Firefighter policy change helped avoid highway tragedy
After a firefighter's death, policy requires firefighters to wear reflective vests and gear when on an accident call
BLOOMINGTON, Ill. — Policies changed after the March 2013 death of a Hudson firefighter may have helped prevent a similar tragedy during Tuesday's ice storm.
Assistant Chief Jason Hospelhorn of the Dale Township Fire Department was helping victims of a rollover crash on Interstate 55 south of Shirley when a speeding semi "completely took out" his sport utility vehicle, said Fire Chief Ryan Gibson.
"He heard the semi coming at a high rate of speed and heard the jake brake (air brake)," Gibson said. "He pushed the other two victims — who were out of their car — toward the ditch and then ran himself."
Illinois State Police at Pontiac said the crash was reported at 3:49 a.m., but had no further information since the accident did not result in injuries.
One person required hospital treatment from the initial crash, Gibson said.
The incident occurred two days before the two-year anniversary of the death of Chris Brown, a career firefighter with Bloomington Fire Department who was hit by a semi while helping Hudson firefighters at a night-time accident on an icy stretch of Interstate 39.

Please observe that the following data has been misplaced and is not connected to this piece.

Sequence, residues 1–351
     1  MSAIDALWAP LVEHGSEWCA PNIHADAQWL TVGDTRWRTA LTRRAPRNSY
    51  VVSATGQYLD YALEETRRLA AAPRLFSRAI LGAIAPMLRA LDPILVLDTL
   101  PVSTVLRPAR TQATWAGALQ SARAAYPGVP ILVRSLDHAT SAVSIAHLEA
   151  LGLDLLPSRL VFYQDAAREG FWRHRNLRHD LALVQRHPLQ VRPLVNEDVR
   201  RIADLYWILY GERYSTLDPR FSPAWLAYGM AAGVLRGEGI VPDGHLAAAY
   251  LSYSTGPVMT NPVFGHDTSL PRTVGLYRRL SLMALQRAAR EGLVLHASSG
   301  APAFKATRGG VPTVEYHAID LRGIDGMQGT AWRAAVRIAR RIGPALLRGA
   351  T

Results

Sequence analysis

Dale Township changed its policies after Brown's death, requiring firefighters to wear reflective vests and protective gear when on an accident call. Hospelhorn's SUV was outfitted with flashing lights, which were in use, and his vehicle was well off the road, said Gibson.
"We can't always look over our shoulders," Gibson said, "but it can happen. Safety is everyone's main focus. We try to get (victims) off the interstate as soon as possible."
In response to the accident, he is pleading with motorists to obey Scott's Law, which calls for drivers to slow down when they see emergency lights and move to the far lane.
The semi driver stopped his rig about 100 yards south of the accident site and ran back to see if anyone was hurt, Gibson said. The driver was issued a ticket for driving too fast for conditions, he said.
"The whole interstate was ice. It was really, really bad," said Gibson, adding, the incident was an example of "why it's so important to move over and slow down."
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